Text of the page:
UK: 300 staff working for peers and MPs have lobbying interests, analysis reveals

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Almost one in five declare lobbying or outside interests – but just 11 will have to sign the new lobby register.

Almost one in five staff members employed by MPs and peers also have lobbying or outside interests, an analysis of data by the Guardian reveals.

There are currently 113 passholders in the House of Commons who declare outside interests to other bodies, while another 206 in the House of Lords have similar links, the analysis of parliamentary records shows.

Those in possession of parliamentary passes include a defence industry lobbyist who was once suspended from the Palace of Westminster and people with links to banks, gambling firms and low tax campaigners.

Of more than 300 staff working for parliamentarians in Westminster with outside interests, the Guardian has found that only a maximum of 11 are likely to be required to sign the lobby register when it is introduced at the end of next month – and only then if they meet a minister or a senior civil servant in the course of their activities.

The register has been set up to satisfy David Cameron’s pledge in 2010 to curb outside interests in parliament. The prime minister described lobbying as “the next big scandal waiting to happen”.

It aims to target up to 75 “third party lobbyists” – public affairs companies employed by clients. But data shows that there are dozens of other bodies including thinktanks, PR companies, campaign groups and charities with access to a parliamentary pass.

The shadow communities minister, Hilary Benn, has acquired a parliamentary pass for his brother Stephen, who is a parliamentary adviser for the Society of Biology and, last year, reclaimed the family title Viscount Stansgate, which was dropped by his father, the late leftwing firebrand Tony Benn.

Stephen Benn said he helped to promote science in parliament. “I also provide Hilary Benn with occasional advice on matters relating to science,” he said.

Hilary Benn said he was “proud” to support his brother’s work to improve understanding and links between scientists and Parliament.

Among those who may be expected to register is the defence lobbyist Robin Ashby, the director general of the UK Defence Forum. Ashby was stripped of his parliamentary pass in 2008 after Lady Harris, who provided the access, said the pass could be “open to misinterpretation” due to his work as a defence lobbyist. His pass was reissued, sponsored by the former Labour defence minister Lord Moonie. Ashby said: “I’m retired from that line of work.”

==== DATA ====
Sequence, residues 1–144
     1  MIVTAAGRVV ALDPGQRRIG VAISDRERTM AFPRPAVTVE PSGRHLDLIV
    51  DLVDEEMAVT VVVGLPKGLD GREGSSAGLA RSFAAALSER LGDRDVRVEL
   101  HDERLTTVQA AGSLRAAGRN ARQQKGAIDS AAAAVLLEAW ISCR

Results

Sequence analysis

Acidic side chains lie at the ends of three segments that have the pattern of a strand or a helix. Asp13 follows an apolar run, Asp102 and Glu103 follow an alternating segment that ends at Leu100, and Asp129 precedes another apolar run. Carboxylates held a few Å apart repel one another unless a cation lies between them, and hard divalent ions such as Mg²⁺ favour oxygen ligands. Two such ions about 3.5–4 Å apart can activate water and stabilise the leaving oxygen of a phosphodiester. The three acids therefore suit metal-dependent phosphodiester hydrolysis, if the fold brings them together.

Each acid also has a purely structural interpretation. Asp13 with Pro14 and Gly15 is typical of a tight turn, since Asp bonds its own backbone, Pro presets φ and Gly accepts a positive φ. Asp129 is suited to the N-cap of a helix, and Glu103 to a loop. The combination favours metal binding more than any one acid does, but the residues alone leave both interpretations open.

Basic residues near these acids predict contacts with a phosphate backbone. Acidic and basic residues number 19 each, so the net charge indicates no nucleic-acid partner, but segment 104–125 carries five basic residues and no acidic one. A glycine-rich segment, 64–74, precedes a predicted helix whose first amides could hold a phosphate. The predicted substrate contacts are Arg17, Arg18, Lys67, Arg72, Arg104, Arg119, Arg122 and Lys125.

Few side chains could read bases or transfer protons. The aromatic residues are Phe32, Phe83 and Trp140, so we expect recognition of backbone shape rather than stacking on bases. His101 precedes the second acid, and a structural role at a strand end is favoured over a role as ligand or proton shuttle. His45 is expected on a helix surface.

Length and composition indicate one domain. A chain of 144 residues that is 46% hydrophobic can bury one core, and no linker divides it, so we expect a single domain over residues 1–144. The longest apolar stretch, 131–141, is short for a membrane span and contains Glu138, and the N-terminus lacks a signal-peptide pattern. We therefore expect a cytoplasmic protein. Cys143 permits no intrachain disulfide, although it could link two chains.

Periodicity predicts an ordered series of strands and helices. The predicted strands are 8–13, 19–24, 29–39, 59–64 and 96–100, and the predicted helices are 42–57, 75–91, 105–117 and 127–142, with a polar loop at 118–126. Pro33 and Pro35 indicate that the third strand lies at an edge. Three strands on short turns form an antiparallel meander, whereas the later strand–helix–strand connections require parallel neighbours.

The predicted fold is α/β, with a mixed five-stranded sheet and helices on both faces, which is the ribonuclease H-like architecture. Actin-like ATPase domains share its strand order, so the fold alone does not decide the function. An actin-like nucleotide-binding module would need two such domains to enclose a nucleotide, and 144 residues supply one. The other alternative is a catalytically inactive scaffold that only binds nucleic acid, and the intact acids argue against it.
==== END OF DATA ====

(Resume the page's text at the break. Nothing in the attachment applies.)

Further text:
Peers who provide passes to staff involved in public affairs include Lord Laird, the former Ulster Unionist politician who was banned from the House of Lords for four months after he told undercover reporters to offer “bribes” of free holidays to Fiji, in order to win the support of the upper chamber.

According to the register, he has given a pass to an executive working for Biscuit PR. Its website says it specialises in developing a climate of opinion and favourable starting points with stakeholders and key influencers including “national and international governments”.

Most of the staff with outside links do not see themselves as lobbyists.

But Tamasin Cave, a director of Spinwatch, which campaigns on lobbying transparency, said the figures showed that the lobbying bill, introduced last year, and the lobbying register, which will be introduced next month, should be scrapped. “If they fail to cover a majority of lobbyists who are allowed to wander into parliament at will, what on earth is the point?

“These figures show that the government has, either deliberately or through incompetence, blown a real chance to reform lobbying in parliament which allows vested interests to gain top level access to the levers of power. The lobbying registrar is producing a register which is utterly meaningless.”.

There is no suggestion that rules have been broken, but one lobbying organisation said the figures show the potential for abuse. Iain Anderson, the chair of the Association of Professional Political Consultants, said it was “wholly unethical” to allow anyone who does lobbying to hold a parliamentary pass. The 319 staff with lobbying links are in addition to 28 staff who have gone on overseas trips paid for by lobbying groups, and 19 who have received gifts and benefits from interest groups, including interns paid for by lobbying groups and working inside the parliament.

Cameron has pledged to look again at tightening the rules around lobbying after last month’s sting by undercover reporters when former foreign secretaries Jack Straw and Malcolm Rifkind were secretly recorded discussing lucrative work for a bogus Chinese firm. They have referred themselves to the Parliamentary Commissioner for Standards and are under investigation by their parties. Both have denied any wrongdoing.

SOURCE: The Guardian, March 5th 2015: